One of my readers recently asked me this question:
Should I use some of my retirement funds to help my kids with their schooling? Many of my friends plan to pay for their children’s educations. Is it an obligation for parents?
This is a question that is getting a lot of play right now. It is natural for parents to want to help, but it may not be fiscally sound to raid the retirement funds to help your children pay for college. Even if you aren’t taking the money out of your retirement account, even putting less in so that you pay for your kids’ college may be a bad idea.
Why do parents feel they have to pay for college?
Of course you want to give your children a good start in life. But paying for everything may not be the best way. Teaching children valuable money skills such as investing, saving and managing a bank account will benefit them more in the long run than taking on their tuition costs. But in today’s world, we are made to think that we should be handing everything to our kids, lest we be painted with the “bad parent” brush. (Miki Saxon, at Leadership Turn, addresses the “children as special” myth that can be as damaging.) However, it is not bad parenting to raise your children to take care of themselves.
Secure your retirement account first
It is not wrong to secure your retirement account before setting money aside for your kids’ college. Contribute the maximum allowable to your retirement accounts, and then see what is left over for a 529 college savings plan or some other type of account. You should make your retirement funds your first priority. It has been famously said, by a number of gurus, “You can get loans for college. There are no loans for retirement.”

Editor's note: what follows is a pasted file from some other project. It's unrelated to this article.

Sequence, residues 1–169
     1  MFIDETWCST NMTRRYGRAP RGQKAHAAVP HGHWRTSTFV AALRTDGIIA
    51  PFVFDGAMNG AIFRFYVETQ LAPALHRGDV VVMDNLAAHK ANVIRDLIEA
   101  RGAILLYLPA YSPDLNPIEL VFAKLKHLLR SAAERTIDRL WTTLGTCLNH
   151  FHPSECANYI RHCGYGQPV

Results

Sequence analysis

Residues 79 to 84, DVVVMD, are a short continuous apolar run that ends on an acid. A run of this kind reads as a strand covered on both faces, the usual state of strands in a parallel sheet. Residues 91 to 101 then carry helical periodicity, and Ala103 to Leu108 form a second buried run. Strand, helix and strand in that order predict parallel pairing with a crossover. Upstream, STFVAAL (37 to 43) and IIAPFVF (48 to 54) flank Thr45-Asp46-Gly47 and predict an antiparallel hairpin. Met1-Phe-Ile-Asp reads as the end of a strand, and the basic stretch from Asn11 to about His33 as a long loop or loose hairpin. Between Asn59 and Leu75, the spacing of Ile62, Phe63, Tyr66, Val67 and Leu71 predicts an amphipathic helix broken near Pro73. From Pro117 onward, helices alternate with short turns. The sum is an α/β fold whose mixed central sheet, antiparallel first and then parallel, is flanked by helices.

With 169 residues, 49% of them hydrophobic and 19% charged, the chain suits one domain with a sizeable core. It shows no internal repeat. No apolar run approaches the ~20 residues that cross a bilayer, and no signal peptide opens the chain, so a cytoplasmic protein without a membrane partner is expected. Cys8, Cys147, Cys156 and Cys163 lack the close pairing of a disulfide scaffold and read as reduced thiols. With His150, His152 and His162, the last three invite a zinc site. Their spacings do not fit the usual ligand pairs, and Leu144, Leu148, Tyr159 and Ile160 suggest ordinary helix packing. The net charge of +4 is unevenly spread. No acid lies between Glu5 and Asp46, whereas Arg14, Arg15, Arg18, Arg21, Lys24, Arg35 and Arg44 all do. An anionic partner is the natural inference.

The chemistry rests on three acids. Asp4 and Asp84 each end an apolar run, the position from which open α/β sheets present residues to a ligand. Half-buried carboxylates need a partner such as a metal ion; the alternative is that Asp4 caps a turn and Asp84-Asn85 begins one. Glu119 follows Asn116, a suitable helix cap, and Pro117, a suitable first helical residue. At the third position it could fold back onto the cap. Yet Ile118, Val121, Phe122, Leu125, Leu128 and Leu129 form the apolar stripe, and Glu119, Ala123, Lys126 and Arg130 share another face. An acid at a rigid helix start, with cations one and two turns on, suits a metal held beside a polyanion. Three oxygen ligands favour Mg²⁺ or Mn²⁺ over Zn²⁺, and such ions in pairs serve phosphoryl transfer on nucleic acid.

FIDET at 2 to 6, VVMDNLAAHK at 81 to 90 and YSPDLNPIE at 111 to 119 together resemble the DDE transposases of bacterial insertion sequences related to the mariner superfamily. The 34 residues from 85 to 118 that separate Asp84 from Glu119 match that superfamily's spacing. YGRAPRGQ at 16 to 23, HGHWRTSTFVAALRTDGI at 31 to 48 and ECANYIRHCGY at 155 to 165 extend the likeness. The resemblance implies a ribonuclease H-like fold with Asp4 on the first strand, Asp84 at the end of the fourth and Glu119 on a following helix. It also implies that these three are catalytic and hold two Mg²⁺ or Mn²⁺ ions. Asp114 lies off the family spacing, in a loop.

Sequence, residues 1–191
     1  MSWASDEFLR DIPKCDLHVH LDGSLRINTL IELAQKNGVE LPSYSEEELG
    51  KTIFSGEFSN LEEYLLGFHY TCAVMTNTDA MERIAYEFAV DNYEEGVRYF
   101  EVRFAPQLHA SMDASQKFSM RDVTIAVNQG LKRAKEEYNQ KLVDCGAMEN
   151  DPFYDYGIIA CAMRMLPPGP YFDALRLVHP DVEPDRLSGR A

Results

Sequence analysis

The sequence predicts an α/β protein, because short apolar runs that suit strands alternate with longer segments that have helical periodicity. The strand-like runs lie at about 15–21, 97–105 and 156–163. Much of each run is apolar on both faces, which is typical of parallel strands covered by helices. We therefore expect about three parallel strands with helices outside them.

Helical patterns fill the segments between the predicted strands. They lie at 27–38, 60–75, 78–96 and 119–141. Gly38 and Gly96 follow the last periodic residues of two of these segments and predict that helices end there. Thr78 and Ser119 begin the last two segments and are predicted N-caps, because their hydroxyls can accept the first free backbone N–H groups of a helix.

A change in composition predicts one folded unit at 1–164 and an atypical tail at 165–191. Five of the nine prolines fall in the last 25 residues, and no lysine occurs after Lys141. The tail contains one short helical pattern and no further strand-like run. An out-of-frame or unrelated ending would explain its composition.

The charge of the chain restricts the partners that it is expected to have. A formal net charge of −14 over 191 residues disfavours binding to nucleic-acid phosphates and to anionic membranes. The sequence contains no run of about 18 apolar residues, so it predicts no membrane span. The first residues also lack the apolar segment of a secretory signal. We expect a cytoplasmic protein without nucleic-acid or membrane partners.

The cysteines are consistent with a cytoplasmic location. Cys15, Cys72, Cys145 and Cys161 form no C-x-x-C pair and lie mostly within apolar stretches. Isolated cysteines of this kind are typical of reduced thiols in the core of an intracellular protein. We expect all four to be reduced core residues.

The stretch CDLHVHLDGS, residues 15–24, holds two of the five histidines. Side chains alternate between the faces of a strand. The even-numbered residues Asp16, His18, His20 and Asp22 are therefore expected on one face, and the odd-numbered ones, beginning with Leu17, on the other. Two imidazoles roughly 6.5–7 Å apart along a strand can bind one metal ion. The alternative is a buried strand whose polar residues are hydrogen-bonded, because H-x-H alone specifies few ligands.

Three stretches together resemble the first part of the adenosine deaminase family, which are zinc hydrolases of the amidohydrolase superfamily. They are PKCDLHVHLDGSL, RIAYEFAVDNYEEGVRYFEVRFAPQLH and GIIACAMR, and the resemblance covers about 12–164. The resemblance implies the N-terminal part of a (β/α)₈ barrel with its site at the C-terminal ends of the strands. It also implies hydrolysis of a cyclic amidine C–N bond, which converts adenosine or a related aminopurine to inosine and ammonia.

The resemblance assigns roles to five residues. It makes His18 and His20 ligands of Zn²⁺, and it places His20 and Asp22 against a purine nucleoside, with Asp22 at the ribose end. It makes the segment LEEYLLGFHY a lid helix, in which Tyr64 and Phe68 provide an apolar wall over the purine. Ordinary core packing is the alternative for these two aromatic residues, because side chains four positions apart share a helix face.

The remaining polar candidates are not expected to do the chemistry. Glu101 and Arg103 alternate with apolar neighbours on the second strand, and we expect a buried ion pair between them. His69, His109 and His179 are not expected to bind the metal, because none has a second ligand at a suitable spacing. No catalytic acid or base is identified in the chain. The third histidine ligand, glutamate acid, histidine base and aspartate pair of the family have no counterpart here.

My parents made it clear to me that I was in charge of my tuition. They said they could afford a certain amount to help me with room and board, but beyond that, I was on my own. I got scholarships, a part-time job on campus and some student loans. The key was that my parents began teaching me about money before I was 12, and always made clear exactly how much help I would receive. They gave me ample time to prepare my own path. And I am grateful that I know how to manage my own money, rather than cluelessly relying on my parents.
Start planning now for your retirement
A great Forbes piece on retirement planning v. kids’ college points this out:
“Many young parents think linearly,” says Duane Meek, senior vice president for retirement plans at Nationwide Financial Services in Columbus, Ohio. “Get a job, move up, buy a house, start a family,
educate the children–and then think about retirement. But once they’ve
taken care of the kids, there’s not enough time to benefit from the
compounding of earnings over 30 or more years.”
This means that NOW is the time to start retirement planning. You should open a retirement account as soon as you can, and contribute what you can. You can save for your kids’ college after you have taken care of your own future.